When you apply for a loan to buy a home, lenders use mortgage underwriting to decide if they want to do business with you. During this process, your personal and financial information is evaluated to determine whether you can afford the loan.
It’s the last step in the application process. Ideally, it ends with a go-ahead from the mortgage underwriter to close on the house. (And you celebrate your win with a few pics of the new home on Instagram.)
Knowing the ins and outs of the mortgage underwriting process can give you an advantage that gets those house keys in your hand.
Let’s go behind the scenes to learn what happens after you hand over your stack of financial documents, and your mortgage application is sent to underwriting.
What Is Mortgage Underwriting?
When your mortgage goes to underwriting, an underwriter for your lender pulls out a big, old calculator and a magnifying glass to get a closer look at your financial profile. The underwriter verifies your income, assets and debts (among other things) and decides if your application is creditworthy.
Up to this point, you’ve likely been dealing with a mortgage loan officer who guided you through the initial application process. And, no doubt, the loan officer had you submit a detailed history of your finances, including pay stubs and bank statements.
Once all your paperwork is submitted, your application is ready to move down the line to the underwriter.
What Does a Mortgage Underwriter Do?
A mortgage underwriter reviews your loan application to see if it meets the lender’s standards. They verify the information you’ve given them and look for anything that doesn’t add up (pun intended).
Then, the number-crunching begins. A mortgage underwriter is going to answer:
- How much debt do you have in relation to income? (Your debt-to-income (DTI) ratio)
- Do you have an adequate down payment and enough money saved, in case you need it?
- How much is the property worth compared to the money you want to borrow? (Its loan-to-value (LTV) ratio)
- Based on your credit history, how likely is it that you’ll be able to make your monthly mortgage payments?
The underwriter thoroughly vets your application and flags issues that may require further investigation.
The goal is to answer one question: Can you be relied on to make your mortgage payments?
How Does the Mortgage Underwriting Process Work?
Okay, so how does the process play out? Well, the loan underwriting process can happen in a couple of ways:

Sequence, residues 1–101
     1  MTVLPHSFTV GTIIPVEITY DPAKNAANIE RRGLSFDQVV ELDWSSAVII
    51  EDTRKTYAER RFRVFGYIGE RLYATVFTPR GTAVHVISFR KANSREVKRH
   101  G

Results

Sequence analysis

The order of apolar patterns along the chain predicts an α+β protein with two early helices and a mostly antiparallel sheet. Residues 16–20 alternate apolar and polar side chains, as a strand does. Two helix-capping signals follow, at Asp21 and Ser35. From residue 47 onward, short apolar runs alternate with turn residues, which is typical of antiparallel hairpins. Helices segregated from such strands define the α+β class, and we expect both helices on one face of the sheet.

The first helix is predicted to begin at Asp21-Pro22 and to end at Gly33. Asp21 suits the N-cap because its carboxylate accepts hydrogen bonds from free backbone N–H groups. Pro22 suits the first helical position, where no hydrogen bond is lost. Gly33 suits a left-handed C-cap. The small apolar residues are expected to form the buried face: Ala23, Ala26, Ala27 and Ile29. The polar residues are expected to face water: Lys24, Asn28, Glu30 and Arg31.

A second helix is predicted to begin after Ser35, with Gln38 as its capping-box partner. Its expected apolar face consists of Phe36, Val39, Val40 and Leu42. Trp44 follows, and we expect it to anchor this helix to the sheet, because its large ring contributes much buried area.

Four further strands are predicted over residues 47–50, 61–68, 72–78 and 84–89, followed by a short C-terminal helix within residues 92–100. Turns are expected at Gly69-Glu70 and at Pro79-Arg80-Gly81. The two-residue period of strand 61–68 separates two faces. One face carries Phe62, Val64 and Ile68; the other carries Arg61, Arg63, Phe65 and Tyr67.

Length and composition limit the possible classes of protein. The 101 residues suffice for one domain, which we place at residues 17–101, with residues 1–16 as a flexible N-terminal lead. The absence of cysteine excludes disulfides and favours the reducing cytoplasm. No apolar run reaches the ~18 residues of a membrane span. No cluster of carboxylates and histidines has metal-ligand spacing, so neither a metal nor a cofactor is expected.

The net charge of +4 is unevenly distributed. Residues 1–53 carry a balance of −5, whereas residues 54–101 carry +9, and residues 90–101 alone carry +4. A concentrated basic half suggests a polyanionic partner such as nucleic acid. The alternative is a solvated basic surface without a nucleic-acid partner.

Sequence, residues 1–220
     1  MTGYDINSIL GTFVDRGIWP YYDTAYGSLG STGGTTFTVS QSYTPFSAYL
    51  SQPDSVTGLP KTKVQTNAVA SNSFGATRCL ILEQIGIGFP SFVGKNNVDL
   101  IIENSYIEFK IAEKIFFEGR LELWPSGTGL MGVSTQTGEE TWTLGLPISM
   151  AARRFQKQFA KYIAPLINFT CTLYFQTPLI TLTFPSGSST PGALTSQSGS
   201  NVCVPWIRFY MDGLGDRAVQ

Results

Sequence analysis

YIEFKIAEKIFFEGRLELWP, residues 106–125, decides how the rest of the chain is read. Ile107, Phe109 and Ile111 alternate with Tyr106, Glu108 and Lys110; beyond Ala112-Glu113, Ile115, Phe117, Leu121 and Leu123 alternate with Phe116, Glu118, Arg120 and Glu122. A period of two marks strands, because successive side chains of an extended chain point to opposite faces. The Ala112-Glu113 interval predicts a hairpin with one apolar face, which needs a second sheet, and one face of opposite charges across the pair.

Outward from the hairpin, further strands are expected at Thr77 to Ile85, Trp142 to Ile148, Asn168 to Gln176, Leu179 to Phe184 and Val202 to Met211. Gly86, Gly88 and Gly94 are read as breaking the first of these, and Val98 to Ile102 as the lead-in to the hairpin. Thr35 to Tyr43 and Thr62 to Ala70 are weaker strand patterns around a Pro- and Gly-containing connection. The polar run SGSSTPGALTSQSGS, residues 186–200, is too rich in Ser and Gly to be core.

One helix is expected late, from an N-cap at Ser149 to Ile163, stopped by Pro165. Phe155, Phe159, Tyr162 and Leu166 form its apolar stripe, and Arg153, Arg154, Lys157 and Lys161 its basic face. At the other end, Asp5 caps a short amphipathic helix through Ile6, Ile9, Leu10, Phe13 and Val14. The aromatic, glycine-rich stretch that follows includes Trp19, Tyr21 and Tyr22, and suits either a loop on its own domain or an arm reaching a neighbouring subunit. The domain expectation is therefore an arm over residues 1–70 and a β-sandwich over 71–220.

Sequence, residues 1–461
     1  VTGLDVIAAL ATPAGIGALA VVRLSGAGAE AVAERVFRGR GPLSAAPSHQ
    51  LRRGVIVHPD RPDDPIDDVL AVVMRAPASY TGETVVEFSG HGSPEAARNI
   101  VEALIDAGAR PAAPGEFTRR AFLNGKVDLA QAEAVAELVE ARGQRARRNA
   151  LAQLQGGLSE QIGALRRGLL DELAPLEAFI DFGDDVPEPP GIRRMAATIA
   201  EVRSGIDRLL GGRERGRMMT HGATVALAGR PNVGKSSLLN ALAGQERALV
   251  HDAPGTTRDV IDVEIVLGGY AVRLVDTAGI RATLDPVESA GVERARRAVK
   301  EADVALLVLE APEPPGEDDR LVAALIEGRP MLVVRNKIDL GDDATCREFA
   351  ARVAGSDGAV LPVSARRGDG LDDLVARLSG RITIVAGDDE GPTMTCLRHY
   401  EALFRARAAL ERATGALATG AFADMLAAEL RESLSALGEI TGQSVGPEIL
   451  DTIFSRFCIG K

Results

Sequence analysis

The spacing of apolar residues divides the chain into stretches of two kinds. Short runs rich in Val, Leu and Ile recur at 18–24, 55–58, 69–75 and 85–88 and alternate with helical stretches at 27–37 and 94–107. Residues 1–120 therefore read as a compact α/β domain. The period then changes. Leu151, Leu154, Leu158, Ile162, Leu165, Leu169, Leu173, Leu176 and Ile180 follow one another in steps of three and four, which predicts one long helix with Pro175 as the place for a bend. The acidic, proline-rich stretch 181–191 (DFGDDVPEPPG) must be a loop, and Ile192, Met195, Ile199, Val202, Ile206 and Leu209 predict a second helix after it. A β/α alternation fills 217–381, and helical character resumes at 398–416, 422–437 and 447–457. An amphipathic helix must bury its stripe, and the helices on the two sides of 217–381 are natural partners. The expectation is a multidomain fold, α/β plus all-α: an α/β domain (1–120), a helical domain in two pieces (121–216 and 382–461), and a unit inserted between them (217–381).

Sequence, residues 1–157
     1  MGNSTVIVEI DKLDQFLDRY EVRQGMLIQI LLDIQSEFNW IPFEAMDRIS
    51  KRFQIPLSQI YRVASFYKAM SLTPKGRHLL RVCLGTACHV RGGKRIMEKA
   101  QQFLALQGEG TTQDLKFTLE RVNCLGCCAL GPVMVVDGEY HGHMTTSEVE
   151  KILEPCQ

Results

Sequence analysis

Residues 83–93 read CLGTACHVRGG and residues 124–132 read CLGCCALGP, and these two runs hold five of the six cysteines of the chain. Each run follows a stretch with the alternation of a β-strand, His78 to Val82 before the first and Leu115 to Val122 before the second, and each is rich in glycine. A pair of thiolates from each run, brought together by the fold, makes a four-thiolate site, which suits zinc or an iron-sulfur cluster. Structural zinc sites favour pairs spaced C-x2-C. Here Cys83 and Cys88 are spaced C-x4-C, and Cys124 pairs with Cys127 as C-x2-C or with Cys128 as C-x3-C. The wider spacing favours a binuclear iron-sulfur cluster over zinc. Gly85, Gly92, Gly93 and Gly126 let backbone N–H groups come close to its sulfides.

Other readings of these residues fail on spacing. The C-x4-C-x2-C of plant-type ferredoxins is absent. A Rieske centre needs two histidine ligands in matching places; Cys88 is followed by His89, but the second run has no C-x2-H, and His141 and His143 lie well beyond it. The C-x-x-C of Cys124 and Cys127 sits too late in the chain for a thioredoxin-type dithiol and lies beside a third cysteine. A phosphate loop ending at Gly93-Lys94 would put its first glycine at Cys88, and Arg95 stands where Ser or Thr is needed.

- Automated underwriting: Automated reviews work best for simple, straightforward applications. Your information is entered into a software program that runs a check based on algorithms and computer modeling. The final decision is always reviewed IRL.
- Manual underwriting: Some lenders have people do the underwriting. This is especially helpful for borrowers with complex or unique financial situations. You can explain any potential red flags, like drastic changes in income or past issues with debt. And you get a chance to explain why your income is irregular, which can happen with mortgage applications for self-employed borrowers.
- Combination of automated and manual underwriting: Sometimes an algorithm can’t do it all, and lenders will use a combination of automated underwriting and manual underwriting to determine loan eligibility. It all depends on your financial situation and the type of loan you’re applying for.
What do these methods of underwriting have in common? They all use the same criteria to evaluate your mortgage loan application.
5 Steps to the Mortgage Underwriting Process
Once the mortgage processor makes sure your paperwork is organized and all the needed info is there, you’re ready to start the underwriting process.
Let’s pop the hood on this process and see what mortgage underwriting looks like up close and personal.
1. Your application is sent to the underwriter
The mortgage underwriter needs plenty of paperwork to make a final decision. Every lender has different requirements, but expect to spend some quality time pulling up documents, like tax returns, bank statements, pay stubs and any contracts related to your purchase.
2. Underwriting begins
With your file in hand, the underwriter will dig into what’s commonly known as the “5 C’s of credit”:
- Character: How reliable are you when it comes to paying off debt? Your past credit history – including student loans, car loans, credit cards and lines of credit – is scrutinized. The underwriter wants to know how much you owe and how well you’ve met your financial obligations.
- Capacity: This refers to your ability to repay the mortgage. Do you have a stable job that provides enough income to pay off your loan? The underwriter figures out your debt-to-income (DTI) ratio by dividing your total monthly debt by your gross monthly income. Each lender has a maximum DTI they’re willing to accept.
- Collateral: Because your home is collateral for the mortgage loan, an underwriter needs to make sure the property you’re buying is worth the amount you want to borrow. If the home isn’t worth the amount they lend you, the lender can’t get their investment back if you can’t make your payments. This is where the home appraisal – which determines the value of the property you’re buying – comes in.
- Capital: How much do you have in your banking and retirement accounts? And how much of it are you using to make the down payment? A healthy nest egg shows that you can manage your money. It also signals that you have enough money saved to deal with any unexpected financial surprises.
- Conditions: The underwriter determines whether you meet the lender’s conditions for eligibility. They also consider the potential impact of conditions outside of the borrower’s control, like a poor job market or downturn in the economy, that may impact your ability to repay the loan.